Thank you Dominican Republic for the memories and the pampering, because after all, everyone can use a little pampering once in a while.

Dominican Republic Day Seven: Holiday

We call it vacation but every where else in the world it is referred to as on holiday.  This brought about the following thought.  Why do we call it vacation?  The root of this word is vacate, or in other words emptying something.  Vacation is then the process of vacating.

This description begs the question as to what are we vacating?  Perhaps it is our workplace.  My desk, provided they didn’t get rid of me in my absence, is certainly empty.  Or maybe it is our stress filled lives that have been vacated.  Either way, the thought of emptying something doesn’t really sound all that cheerful.

Holiday, on the other hand, interests me. A holiday is something to celebrate.  It is in most walks of life a day off and not something you must earn, if not actually beg to get off.  My apologies to those of you who work through holidays routinely.  When they tell me they are on holiday it somehow seems so much more interesting.  As a result, I am officially on holiday.  I have even named it.  It is the holiday of the week I owed myself, WIOM from now on.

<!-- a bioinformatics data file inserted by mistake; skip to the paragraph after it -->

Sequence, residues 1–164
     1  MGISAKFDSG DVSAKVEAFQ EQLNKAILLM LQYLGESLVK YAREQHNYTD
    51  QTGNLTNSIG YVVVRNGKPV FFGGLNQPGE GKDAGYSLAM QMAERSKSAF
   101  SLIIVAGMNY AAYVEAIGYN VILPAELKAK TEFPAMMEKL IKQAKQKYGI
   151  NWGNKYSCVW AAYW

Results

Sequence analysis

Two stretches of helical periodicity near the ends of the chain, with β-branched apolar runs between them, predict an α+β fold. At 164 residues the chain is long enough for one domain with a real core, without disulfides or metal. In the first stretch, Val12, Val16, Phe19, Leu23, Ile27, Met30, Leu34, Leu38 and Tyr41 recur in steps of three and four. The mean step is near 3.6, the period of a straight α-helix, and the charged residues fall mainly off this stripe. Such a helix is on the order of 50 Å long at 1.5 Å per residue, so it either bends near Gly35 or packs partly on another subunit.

Unfortunately, even holidays come to an end and this one ends tomorrow at noon Dominican time. Until then I will be on holiday and tonight is the eve of the last day of the Week I Owed Myself.

Thank you Dominican Republic for giving me a place to celebrate..

Dominican Republic Day Six: Breaking the Language Barrier


The beauty of travel lies in the universe of languages and customs one experiences.  At a resort they all co-mingle.  Tonight we ate dinner in a Korean restaurant, served by waiters from the Dominican, Mexico and Cuba while sitting next to a couple from Germany.  When we ordered our wine in Spanish, our waiter literally lit up.  He then assisted us in the rest of the Spanish we needed to know to get through the meal.